It was announced this week that the television licensing fee is to rise from April 1. The fee will increase from £157.50 to £159 , this being the the fifth year the license fee has been increased.
The increase in price will rise to £3.06 a week or £13.25 a month. The cost of an annual black and white licence is to rise from £52 to £53.
In 2016 the government announced and agreed that the licence fee would rise in line with inflation each year for five years from April 1, 2017.
No reductions have been announced in respect of the pandemic, nor have the BBC taken into the account the financial impact that it has had and continues to have on it’s viewers.
The television licence fee is compulsory for everyone that watches live TV or on BBC iPlayer on any device. It also applies to watching other live programmes on online TV service such as YouTube, Sky Go and Now Tv.
There is a maximum penalty of £1,000 for people that have been watching live television without a license which impacts low income people the most with fines being garnished upon Universal Credit payments and suchlike.
The government had been considering whether non-payment should be decriminalised however not surprisingly they decided not to stop the licence fee increase saying that it would ‘remain under active consideration’.
Whilst the television licence fee might not appear to be a lot to many, for low income people and families it is a cost that they can’t afford to pay. Whilst the BBC has dedicated air time for educational programmes during lockdown many can’t afford to access them. Eat or heat is a priority put before paying for a television license.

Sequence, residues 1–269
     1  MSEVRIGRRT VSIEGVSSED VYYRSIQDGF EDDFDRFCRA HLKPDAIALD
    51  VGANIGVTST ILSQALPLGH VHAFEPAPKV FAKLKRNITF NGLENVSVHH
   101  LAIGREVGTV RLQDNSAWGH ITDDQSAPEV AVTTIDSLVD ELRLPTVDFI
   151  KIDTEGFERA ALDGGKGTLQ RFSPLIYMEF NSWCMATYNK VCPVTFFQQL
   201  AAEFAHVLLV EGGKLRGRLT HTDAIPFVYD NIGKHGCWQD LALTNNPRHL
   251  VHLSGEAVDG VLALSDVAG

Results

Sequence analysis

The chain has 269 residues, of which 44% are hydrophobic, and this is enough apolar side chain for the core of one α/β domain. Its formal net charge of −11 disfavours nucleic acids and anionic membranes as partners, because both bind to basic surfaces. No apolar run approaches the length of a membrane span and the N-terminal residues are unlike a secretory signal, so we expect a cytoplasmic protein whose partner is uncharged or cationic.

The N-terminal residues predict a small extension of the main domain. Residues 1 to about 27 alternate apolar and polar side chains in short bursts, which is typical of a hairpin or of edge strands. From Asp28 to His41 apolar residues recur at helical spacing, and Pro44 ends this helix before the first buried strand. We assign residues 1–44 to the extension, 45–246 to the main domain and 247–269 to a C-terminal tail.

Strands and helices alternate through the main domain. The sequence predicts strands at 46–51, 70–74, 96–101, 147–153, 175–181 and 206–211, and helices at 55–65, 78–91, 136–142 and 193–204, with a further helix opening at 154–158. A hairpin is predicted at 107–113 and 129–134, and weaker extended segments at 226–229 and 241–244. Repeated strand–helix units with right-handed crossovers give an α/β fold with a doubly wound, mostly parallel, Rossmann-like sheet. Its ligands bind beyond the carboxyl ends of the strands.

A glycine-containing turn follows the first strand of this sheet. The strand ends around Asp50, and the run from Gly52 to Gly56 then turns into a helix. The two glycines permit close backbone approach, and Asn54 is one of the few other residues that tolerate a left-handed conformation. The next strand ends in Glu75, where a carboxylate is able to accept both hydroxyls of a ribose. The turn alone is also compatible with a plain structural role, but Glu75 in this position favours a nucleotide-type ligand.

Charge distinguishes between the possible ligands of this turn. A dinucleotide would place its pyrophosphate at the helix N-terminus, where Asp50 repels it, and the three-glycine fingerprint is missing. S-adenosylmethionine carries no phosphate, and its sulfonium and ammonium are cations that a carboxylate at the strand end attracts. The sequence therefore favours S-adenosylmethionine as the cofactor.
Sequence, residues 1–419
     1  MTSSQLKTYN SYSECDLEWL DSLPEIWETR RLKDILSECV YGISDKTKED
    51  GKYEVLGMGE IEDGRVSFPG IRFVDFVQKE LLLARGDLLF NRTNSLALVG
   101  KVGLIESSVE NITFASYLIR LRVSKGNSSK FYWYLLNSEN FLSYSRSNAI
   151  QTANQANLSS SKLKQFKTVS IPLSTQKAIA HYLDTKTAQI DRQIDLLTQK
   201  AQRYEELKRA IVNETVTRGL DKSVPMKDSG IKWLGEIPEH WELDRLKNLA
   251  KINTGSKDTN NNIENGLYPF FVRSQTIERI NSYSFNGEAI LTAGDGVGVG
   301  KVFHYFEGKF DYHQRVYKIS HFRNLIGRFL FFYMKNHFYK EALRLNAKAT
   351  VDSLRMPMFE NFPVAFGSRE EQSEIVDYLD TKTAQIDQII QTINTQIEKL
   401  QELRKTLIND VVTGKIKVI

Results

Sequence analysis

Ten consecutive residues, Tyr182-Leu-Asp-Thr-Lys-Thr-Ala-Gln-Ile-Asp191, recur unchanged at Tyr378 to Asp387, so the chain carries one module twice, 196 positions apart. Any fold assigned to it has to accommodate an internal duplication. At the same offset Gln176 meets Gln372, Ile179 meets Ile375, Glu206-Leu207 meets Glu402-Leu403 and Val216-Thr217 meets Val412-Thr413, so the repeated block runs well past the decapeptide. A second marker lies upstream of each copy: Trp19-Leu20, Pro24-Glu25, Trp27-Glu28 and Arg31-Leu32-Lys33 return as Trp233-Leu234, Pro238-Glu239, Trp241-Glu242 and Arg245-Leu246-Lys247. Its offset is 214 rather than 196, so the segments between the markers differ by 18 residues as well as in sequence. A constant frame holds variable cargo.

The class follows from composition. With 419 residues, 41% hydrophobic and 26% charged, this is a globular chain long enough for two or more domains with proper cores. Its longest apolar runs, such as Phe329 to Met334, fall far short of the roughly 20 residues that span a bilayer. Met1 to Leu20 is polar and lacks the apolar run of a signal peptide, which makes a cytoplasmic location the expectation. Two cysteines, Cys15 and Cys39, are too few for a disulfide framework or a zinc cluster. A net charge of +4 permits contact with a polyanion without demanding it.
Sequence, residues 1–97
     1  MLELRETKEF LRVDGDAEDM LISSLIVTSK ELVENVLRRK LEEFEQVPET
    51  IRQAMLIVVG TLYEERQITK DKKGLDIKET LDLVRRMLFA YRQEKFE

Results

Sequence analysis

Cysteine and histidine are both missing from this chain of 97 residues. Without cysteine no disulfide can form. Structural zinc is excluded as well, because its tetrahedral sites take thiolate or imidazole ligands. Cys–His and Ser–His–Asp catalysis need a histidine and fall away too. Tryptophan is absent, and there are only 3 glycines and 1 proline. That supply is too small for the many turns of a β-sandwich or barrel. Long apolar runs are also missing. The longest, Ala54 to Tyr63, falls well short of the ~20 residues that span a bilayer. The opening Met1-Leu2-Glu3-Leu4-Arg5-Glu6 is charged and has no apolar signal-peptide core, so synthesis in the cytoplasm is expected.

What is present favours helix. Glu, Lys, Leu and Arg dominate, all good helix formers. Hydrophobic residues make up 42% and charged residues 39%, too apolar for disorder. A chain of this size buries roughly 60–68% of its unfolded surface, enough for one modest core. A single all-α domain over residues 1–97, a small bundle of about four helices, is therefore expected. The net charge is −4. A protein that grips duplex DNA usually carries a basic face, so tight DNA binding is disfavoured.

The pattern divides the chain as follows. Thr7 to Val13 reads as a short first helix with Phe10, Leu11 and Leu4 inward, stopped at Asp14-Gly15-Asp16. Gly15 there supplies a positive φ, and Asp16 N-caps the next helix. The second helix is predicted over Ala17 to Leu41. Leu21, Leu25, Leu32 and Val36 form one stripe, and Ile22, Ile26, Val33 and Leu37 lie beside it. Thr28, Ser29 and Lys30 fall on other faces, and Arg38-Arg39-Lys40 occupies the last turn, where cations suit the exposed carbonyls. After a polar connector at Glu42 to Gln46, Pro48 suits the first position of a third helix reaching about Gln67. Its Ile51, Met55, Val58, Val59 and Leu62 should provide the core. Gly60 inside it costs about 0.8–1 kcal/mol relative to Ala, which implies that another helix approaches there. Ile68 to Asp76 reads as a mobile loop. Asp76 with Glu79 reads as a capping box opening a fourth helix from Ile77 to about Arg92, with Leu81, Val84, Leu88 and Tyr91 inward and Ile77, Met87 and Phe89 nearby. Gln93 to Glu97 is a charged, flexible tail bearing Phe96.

The BBC confirmed that 2.7 million over-75s had paid for their licence after loosing their access to a free television license from August 1 2020, leaving a deficit of about 1 million over 75s not applying for a licence.
It’s extremely worrying that so many people are excluded by poverty from accessing educational programmes that have been aired for children. Many families and over 75s might try to watch the television without a licence because they can’t afford to pay for it.
No one should be excluded from a vital service such as the educational television programmes that are being broadcast by the BBC, but they are and as usual the poorest will bear the burden of this more than anyone else.
The impact of fines for non payment is huge. Fines take away money otherwise dedicated to food, energy bills and suchlike, pushing people into even more poverty.
Not everyone can find childcare to go to court to face a magistrate and set a payment plan. In their absence an amount is agreed by the courts that they can’t afford to pay because the courts can’t take their income into account. These fines are then garnished from Universal Credit payments and other benefit payments.
Personally I believe that school children should be able to access their educational programmes for free. I also agree that television licenses should have remained free for over 75’s.
Whilst I agree that the BBC does need to be funded and they do make some excellent programmes, the poorest shouldn’t be the ones carrying the heaviest financial burden of this. Their payment structure needs to be re looked at and revised to enable everyone to have access to their programmes and channels.
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